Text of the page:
The UIViewControllerRestoration protocol should be adopted by classes that act as “restoration classes” for view controllers during the state restoration process. The method in this protocol should be used to create the view controller, if it does not yet exist, or return an existing view controller object, if one does exist.Asks the receiver to provide the view controller that corresponds to the specified identifier information. (required)The following keys are used when reading and writing state restoration data.
Class Method Summary (collapse)
Asks the receiver to provide the view controller that corresponds to the specified identifier information.
Class Method Details
+ () viewControllerWithRestorationIdentifierPath(identifierComponents, coder:coder)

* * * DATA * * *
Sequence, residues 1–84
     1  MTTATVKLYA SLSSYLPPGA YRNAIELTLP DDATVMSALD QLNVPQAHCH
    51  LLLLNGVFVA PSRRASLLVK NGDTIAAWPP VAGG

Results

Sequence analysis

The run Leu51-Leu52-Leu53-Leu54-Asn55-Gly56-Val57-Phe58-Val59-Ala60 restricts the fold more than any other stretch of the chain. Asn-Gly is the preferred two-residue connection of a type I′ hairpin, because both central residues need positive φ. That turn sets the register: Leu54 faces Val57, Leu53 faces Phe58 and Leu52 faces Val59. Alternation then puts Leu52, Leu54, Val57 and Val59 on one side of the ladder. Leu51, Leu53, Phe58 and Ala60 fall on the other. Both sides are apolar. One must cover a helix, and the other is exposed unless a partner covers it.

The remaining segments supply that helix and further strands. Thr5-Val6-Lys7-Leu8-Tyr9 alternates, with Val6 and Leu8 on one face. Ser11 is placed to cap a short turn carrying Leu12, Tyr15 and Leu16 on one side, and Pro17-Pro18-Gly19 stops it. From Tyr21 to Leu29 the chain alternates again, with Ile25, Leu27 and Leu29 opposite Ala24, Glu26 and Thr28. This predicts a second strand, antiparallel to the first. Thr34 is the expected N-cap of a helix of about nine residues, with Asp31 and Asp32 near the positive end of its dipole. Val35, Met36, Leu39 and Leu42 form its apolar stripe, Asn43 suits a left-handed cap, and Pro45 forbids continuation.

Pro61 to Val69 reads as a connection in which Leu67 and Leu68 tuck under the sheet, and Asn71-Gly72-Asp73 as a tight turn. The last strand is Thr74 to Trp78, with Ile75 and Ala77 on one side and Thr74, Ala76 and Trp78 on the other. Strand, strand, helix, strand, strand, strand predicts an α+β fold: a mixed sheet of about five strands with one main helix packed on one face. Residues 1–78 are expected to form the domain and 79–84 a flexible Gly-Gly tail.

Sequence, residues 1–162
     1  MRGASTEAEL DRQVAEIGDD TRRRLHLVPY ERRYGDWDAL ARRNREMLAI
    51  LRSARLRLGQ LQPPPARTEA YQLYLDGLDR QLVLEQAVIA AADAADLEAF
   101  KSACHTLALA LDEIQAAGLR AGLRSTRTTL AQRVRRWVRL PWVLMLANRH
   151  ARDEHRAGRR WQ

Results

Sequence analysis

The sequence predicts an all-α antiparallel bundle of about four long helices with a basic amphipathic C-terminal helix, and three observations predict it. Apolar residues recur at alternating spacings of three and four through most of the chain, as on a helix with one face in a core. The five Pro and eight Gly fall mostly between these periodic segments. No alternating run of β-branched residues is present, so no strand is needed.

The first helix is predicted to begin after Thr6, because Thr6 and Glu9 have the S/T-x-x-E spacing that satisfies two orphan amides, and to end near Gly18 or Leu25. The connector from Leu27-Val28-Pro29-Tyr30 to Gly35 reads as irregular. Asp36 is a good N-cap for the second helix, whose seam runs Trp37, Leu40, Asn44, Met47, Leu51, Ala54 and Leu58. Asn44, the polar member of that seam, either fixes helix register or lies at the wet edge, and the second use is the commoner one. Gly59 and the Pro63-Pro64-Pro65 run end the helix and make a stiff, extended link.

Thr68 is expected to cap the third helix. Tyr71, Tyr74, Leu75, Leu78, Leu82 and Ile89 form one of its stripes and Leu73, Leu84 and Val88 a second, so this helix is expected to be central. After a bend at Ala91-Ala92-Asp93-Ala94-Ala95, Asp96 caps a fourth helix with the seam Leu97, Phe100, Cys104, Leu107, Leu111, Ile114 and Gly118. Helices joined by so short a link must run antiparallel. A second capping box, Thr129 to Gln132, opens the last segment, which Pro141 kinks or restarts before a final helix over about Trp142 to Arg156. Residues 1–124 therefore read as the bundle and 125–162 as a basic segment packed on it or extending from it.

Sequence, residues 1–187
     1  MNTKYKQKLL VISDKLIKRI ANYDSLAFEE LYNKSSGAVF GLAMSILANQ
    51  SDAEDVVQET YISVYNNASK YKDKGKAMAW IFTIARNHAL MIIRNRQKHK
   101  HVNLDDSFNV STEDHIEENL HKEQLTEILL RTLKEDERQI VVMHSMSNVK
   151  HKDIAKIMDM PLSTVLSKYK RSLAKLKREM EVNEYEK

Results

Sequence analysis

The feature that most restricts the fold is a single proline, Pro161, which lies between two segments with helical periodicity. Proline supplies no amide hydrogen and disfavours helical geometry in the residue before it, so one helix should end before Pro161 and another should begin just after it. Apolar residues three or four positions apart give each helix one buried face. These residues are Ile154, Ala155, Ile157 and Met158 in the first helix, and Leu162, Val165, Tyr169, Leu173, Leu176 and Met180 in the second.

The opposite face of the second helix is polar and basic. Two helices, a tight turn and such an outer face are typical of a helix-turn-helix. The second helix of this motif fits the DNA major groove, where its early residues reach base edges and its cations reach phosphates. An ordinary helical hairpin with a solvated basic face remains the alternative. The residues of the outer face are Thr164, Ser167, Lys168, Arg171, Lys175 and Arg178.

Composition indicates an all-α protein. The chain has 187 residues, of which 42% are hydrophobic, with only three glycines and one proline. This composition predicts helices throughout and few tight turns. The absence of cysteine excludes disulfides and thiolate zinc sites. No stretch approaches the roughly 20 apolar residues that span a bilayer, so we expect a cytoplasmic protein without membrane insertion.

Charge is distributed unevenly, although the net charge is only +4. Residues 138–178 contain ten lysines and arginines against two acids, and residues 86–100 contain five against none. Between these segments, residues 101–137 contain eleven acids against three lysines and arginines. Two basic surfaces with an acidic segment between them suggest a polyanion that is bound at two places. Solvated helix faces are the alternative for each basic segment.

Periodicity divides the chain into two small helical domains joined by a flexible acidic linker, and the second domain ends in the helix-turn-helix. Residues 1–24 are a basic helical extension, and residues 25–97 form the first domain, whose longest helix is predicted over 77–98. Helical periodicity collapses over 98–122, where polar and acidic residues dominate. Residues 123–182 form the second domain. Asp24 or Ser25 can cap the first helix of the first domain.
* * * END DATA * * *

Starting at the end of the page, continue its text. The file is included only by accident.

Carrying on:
Asks the receiver to provide the view controller that corresponds to the specified identifier information. (required) Your implementation of this method should create (or find) the corresponding view controller object and return it. If your restoration class determines that it does not make sense to display this view controller now, it may return nil from this method to prevent that view controller (and its children) from being added to your interface during the restoration process. You use the strings in the identifierComponents parameter to identify the view controller being requested. The view controllers in your app form a hierarchy. At the root of this hierarchy is the window’s root view controller, which itself may present or embed other view controllers. Those presented or embedded view controllers may themselves present and embed other view controllers. The result is a hierarchy of view controller relationships, with each presented or embedded view controller becoming a child of the view controller that presented or embedded it. The strings in the identifierComponents array identify the path through this hierarchy from the root view controller to the desired view controller.It is not always necessary to create a new view controller object in your implementation of this method. You can also return an existing view controller object that was created by another means. For example, if the view controller had already been loaded from a storyboard file, you would return that object rather than create a new one. Your implementation of this method may use any data in the provided coder to assist in the restoration process. However, you do not need to restore the entire state of the view controller at this point. During a later pass, view controllers that define a decodeRestorableStateWithCoder: method are given a chance to restore their state form the same coder object.Note: If you return an object whose class does not match the class of the originally preserved object, or whose class is not a direct subclass of the original, the restoration system does not call the decodeRestorableStateWithCoder: method of the view controller.